> >>> be returning different results, people capture existing behavior without
> >>> necessarily knowing about it. Removing the "best fit" would not remove
> >>> the translation to native encoding, you would get NA or some escape
> >>> sequence/character code number instead of the "best fit" character.  It
> >>> would not solve the problem.
> >>>
> >>> The real problem is that the conversion to native encoding happens. This
> >>> question has been discussed many times before, but in short, it would
> >>> take probably many 1000s of hours of developer time to rewrite R to use
> >>> UTF-8 internally, but convert to UTF16-LE in all Windows API calls. It
> >>> will cause changes to documented behavior. What may not be obvious,
> >>> there is a problem with package code written in C/C++ that ignores
> >>> encoding flags (that is almost all native code in packages). That code
> >>> will stop working and there will be no way to test - because the input
> >>> data in the contributed examples/tests are ASCII.
> >>>
> >>> If Windows start supporting UTF-8 as native encoding, the fix will be a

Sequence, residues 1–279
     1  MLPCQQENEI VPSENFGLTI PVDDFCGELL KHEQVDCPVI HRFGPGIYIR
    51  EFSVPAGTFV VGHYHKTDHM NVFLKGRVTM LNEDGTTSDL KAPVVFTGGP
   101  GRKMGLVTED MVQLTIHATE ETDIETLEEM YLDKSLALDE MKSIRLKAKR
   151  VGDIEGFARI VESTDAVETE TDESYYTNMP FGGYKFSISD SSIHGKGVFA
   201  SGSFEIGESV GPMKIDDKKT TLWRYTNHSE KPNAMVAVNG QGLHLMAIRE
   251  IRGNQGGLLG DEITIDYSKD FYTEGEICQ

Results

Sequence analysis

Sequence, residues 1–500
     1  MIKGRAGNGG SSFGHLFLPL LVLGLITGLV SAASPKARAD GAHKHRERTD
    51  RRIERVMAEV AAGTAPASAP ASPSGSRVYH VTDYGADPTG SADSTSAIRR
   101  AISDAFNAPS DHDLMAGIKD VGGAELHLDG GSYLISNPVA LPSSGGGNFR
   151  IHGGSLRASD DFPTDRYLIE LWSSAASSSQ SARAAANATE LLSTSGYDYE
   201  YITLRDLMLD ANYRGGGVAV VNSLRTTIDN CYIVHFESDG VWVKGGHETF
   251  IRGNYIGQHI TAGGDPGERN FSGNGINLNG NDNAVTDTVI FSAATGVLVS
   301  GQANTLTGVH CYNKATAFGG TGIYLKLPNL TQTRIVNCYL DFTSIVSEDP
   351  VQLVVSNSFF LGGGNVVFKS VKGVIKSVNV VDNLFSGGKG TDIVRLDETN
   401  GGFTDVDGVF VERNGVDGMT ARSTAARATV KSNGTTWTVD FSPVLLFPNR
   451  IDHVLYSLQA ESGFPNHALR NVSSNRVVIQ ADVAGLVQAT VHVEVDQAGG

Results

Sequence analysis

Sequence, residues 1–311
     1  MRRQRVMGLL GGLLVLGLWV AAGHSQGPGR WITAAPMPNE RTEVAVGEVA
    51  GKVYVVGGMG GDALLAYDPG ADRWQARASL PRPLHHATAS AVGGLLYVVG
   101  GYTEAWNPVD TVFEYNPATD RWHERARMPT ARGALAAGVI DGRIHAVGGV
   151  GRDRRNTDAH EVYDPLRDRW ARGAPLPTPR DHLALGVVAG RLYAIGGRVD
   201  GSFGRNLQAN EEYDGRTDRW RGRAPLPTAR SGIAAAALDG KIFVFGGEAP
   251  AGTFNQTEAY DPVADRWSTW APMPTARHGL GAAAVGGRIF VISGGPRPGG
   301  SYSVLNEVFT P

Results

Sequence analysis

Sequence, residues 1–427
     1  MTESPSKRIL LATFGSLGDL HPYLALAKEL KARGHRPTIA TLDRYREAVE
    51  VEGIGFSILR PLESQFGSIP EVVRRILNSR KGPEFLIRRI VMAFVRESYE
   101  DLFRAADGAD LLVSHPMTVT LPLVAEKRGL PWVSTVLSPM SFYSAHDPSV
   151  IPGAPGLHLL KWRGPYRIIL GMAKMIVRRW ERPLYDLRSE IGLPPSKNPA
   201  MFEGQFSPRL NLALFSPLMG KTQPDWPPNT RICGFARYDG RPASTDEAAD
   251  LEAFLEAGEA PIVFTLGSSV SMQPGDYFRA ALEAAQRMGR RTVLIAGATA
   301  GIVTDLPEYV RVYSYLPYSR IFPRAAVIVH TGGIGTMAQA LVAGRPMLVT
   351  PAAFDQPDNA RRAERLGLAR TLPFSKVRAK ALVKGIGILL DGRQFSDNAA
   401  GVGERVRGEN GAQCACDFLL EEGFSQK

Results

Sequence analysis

> >>> lot easier (I hope ~100hours), and without the compatibility problems -
> >>> just users who would wish to use UTF-8 as native encoding will be
> >>> affected, and things will probably work for them even with poorly
> >>> written packages.
> >>>
> >>> Tomas
> >>>
> >>>
> >>>> If someone needs the explicit conversion, he can call the iconv() function.
> >>>>
> >>>> Much more people using R for text processing are frustrated they can
> >>>> code only in ASCII (0-255), even though their code is saved in
> >>>> Unicode.
> >>>>
> >>>> Tomas
> >>>>
> >>>>
> >>>>
> >>>>
> >>>> On Wed, Apr 10, 2019 at 1:26 PM Tomas Kalibera <tomas.kalibera using gmail.com> wrote:
> >>>>> On 4/10/19 1:14 PM, Jeroen Ooms wrote:
> >>>>>> On Wed, Apr 10, 2019 at 12:19 PM Tomáš Bořil <borilt using gmail.com> wrote: